020215 – Grace, Mercy… And “A Break”

The following discussion on Grace and Mercy comes from the website of FaithGateway.

Bible Verses about Grace

Any discussion of the word grace must begin and end with a clear search of Bible verses about grace to learn what God’s word reveals to us. As we search we discover that the word grace was used to describe Jesus but the word was never spoken by Jesus. Any search of Bible verses about grace, could also be called Bible verses about Jesus.

Grace was used in the early portions of the gospels to describe Jesus. The Word became flesh and made his dwelling among us. We have seen his glory, the glory of the one and only Son, who came from the Father, full of grace and truth. — John 1:14 (NIV). Luke adds, “And the child grew and became strong; he was filled with wisdom, and the grace of God was on him.” — Luke 2:40 (NIV). The word was also used as a descriptor of the two different covenants in John 1. Out of his fullness we have all received grace in place of grace already given. —John 1:16 (NIV).

As a concept, Grace became prominent, beginning in Acts 4, and was used continuously through the last verse in the book of Revelation. He who testifies to these things says, “Yes, I am coming soon.” Amen, Come, Lord Jesus. The grace of the Lord Jesus be with God’s people. Amen. —Revelation 22:20-21 (NIV).

Bible Verses about Mercy

The Mercy Prayer in the Psalms

Their theologians first recognized our tendency to pray for God’s mercy. They were the ones to remark on how common it was for the people of God to cry out to Him for mercy in the Psalms:

Answer me when I call to You,
O my righteous God.
Give me relief from my distress;
be merciful to me and hear my prayer.
– Psalm 4:1

Be merciful to me, Lord, for I am faint;
O Lord, heal me, for my bones are in agony.
– Psalm 6:2

O Lord, see how my enemies persecute me!
Have mercy and lift me up from the gates of death.
– Psalm 9:13

Hear my cry for mercy
as I call to You for help,
as I lift up my hands toward Your Most Holy Place.
– Psalm 28:2

To You, O Lord, I called;
to the Lord I cried for mercy.
– Psalm 30:8

The following discussion relates to another word that relates to something that is also intangible. We can’t see grace, and we can’t see mercy, but we can see the effects that relate to one’s giving each (grace and mercy) to someone else. Grace can be best described as receiving something that we don’t deserve to receive. Mercy can be said to be, not receiving something that “you do deserve” to receive. That can relate to a twenty-year jail sentence being shortened to ten years. In that example, a judge may have decided that even though you were sentenced to twenty years in jail, you were being given a ten-year reduction in sentencing. In essence,” you didn’t get all that you deserved.” God has given grace to people, all of us, who don’t deserve grace. It is due to this “unmerited favor” that all of mankind is offered to receive the gift of eternal life with God . God has also offered mercy to people, all of us, who don’t deserve mercy. It is due to the mercy of God, that we, who don’t deserve mercy, may be spared from the penalty of spending eternal life in hell, being forever separated from God.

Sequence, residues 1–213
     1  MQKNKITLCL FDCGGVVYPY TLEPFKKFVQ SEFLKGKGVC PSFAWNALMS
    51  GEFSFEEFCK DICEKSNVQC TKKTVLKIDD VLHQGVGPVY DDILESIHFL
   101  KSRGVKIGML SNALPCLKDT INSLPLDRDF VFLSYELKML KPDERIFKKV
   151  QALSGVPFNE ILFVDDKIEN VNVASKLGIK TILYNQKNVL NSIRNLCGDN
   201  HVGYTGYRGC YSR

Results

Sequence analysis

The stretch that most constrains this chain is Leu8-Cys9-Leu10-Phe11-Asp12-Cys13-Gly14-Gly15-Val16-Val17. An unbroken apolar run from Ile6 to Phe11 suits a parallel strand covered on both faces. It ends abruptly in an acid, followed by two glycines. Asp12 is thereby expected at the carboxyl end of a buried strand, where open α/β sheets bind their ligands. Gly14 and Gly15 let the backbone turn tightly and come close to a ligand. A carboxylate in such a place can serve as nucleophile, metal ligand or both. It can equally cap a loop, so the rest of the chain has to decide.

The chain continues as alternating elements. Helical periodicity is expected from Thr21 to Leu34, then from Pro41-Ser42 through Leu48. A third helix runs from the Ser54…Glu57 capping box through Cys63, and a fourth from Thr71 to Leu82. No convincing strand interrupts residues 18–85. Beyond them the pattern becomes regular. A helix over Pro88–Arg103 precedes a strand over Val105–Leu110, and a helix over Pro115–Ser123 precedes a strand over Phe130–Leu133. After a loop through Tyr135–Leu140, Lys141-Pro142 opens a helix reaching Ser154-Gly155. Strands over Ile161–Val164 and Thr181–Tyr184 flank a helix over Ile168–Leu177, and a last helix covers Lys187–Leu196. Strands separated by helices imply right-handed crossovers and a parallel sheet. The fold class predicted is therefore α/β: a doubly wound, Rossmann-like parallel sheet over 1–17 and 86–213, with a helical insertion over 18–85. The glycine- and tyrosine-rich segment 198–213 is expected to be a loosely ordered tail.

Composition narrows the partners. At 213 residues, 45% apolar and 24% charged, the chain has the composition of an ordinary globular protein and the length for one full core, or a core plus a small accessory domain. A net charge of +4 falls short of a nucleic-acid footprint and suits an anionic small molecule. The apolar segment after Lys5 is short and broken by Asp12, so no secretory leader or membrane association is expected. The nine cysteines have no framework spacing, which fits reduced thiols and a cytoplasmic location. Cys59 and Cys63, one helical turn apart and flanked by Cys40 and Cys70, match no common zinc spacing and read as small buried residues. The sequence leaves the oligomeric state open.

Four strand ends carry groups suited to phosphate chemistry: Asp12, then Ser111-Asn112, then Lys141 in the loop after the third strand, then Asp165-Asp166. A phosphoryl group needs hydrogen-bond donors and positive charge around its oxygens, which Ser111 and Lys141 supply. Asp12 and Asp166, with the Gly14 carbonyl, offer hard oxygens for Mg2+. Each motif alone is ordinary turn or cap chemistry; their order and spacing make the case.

Another word must be allowed to enter this arena of ideas. That word is “break,” or better said, “give’m a break.” Many people find themselves in life’s situations of which was the result of no right or wrong doing. They’re just there! I would like for you to think how you might “give a break” to the following women of the Bible. I’m not going to provide any Bible scriptures for a starting point; I’m going to leave that up to you. Please consider everything that entered into the situation of each example. Then, write me back with your thoughts on how you should, “give’m a break!”

Eve

Sarah

Mrs. Noah

Mrs. Job

All of the Israelite women

This last example consists of those who were fleeing the pursuing Egyptians, and found themselves up against a sea that seemed to be impassable. Consider that, among the many Israelites, there were infants, young children and elderly Israelites. Some of the Israelites may have been disabled, but not having the assistance of wheel chairs or Walmart store scooters, to make their travel easier. Remember, also, there was no paved roads for the Israelites to walk on, to make their flight from perceived death easier.

Consider the following video, as it relates to all Jews. They don’t behead their enemies, or other innocent people. They don’t send homicide bombers into a crowd of unsuspecting people. They are occupying the land that God promised them to inhabit. They are God’s chosen people (Deuteronomy 7:6). So, please! “Give the Jews a break!”

Shalom Jerusalem
Paul Wilbur

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